Polishing flat ground blades with a disc

Frank Niro

I've had information telling me how to get a polish on blades with a worked down cork belt, but unfortunately so far have not been successful in getting the results that I expected. However, the other night Rod Nielson , suggested while at my shop why not try a disc with a thin cork covering and loaded with green chrome ? This was an easy move since I have one of his machines that has a magnetic hub so changing discs takes at least 15 seconds. I was out of the thin cork that works so well Ed Caffery recommended to be used so it took a day or two to get down to the auto supply store to get more. I simply loaded the cork surface while it was turning. The results were super !!!! I would want to take the blade to a no scratch pink buff after that but that would be it. A huge advantage of using the disc is not only to fully maintain your grind lines but I was running my disc at about 40% speed and the heat created was close to nil. I have not operated this for long so I can't report on the life of the cork. They do however stand up under the sand paper . If you have a disc grinder, be sure to give it a try. I believe you will be impressed. On the other hand don't look to this as a way to save time. Frank


Well-Known Member
Frank, Just so I am clear on this its two different menthods you are reporting on?

For fine polishing you are loading the cork with green chrome, OK, what is the last belt grit you at at before going to the cork & chrome?

Then you are using the cork as a backing for your different sandpaper grits, right?



Well-Known Member
Guy on another forum, Ed Tipton, uses a Sawzall. He grinds away the set in the teeth and removes the point. Then attaches a strip of sand paper to the blade with rubber bands or duck tape. He claims he is able to get into tight areas with it very easily. I dunno, may be worth a try.

Frank Niro

I didn't really mean to do the two Laurence. But yes there are two separate things mentioned there. I grind down to 9 and some 6 on my folder blades on the belt grinder and then can go to the disc with the layer of cork loaded with the green compound. Frank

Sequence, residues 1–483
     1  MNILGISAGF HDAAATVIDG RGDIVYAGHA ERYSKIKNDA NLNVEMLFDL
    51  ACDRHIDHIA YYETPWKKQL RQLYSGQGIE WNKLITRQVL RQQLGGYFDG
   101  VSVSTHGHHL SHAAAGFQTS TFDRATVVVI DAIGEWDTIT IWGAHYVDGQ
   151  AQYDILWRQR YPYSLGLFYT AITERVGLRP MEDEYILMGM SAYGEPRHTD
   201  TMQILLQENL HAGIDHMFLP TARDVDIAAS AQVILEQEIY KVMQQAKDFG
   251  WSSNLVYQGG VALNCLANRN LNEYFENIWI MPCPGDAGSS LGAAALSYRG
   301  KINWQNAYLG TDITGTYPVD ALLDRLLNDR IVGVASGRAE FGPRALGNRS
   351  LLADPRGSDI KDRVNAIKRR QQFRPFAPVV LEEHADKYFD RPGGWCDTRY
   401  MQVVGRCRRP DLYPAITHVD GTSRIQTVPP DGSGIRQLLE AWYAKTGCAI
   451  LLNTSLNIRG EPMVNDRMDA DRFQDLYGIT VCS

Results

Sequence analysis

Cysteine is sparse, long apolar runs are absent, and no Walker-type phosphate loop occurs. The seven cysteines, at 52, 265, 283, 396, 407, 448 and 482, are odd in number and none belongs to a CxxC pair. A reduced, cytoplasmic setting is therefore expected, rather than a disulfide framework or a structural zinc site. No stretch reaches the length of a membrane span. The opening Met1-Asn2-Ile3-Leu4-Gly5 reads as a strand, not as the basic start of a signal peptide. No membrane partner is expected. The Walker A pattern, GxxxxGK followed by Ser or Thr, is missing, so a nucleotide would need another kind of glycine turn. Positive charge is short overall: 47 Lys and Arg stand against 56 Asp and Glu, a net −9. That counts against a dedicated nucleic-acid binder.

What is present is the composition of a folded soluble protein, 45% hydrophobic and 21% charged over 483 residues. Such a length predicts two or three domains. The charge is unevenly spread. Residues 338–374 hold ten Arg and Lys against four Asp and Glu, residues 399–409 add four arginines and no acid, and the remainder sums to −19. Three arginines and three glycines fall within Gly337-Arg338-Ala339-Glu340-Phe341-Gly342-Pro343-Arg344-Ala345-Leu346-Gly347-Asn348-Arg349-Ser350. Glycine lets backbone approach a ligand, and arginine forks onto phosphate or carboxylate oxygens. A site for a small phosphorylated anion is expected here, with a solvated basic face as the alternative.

Well-Known Member
You guys know me ! I can mirror polish any steel including the CPM s I only use japanese waterstones up to 35,000 grit . Its the constant washing the blade and and rinsing off the debris , the loaded debris on most polishing techniques is what prevents most steel from attaining that mirror polish. It just scratces it up again. You can do almost the same thing with 2000- 3000 grit ,paper as it wears down, it makes a realy fine Polish . the water is the key . A good naguru stone can really help build up a fine slurry that helps your polish ......
But, that is my experience . Bubba


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Wayne Coe

Forum Owner - Moderator
I am always amazed at the results I get with my Nielsen Interchangeable Disk System. I have a pad on all disks I have one that I have a worn out abrasive disk (no abrasive left on it) that I put buffing compound on. I am making a new set of dies for my power hammer and had ground flat, on the belt grinder, the 3 X 3 inch flat area. Well, I thought that I had ground it flat until I moved over to the disk grinder and saw how out of flat it was. I was also able to grind faster on the disk grinder. Another tip that Rod gave me back when I started selling the disk system for him, I have one disk with a piece of short shag carpet glued on for buffing. It is so much safer than using a standard buffing machine. Because you are working on the flat side of the disk there is nothing to grab your knife out of your hand and then throw it back at you, usually about the time you get the knife really sharp. A few years ago a friend was using a buffing wheel and it grabbed the work out of his hand and threw it. We searched all over for it and never did find the piece. Several months later I was back in his shop and noticed that the piece was stuck in the peg board behind the buffer. If it had gone a little bit further into the peg board we never would have found it because it would have gone all the way through and into the wall cavity. Just think what it would have done if it had hit him in the stomach. Sorry that I got so far off topic. I just get carried away when buffing wheels come up.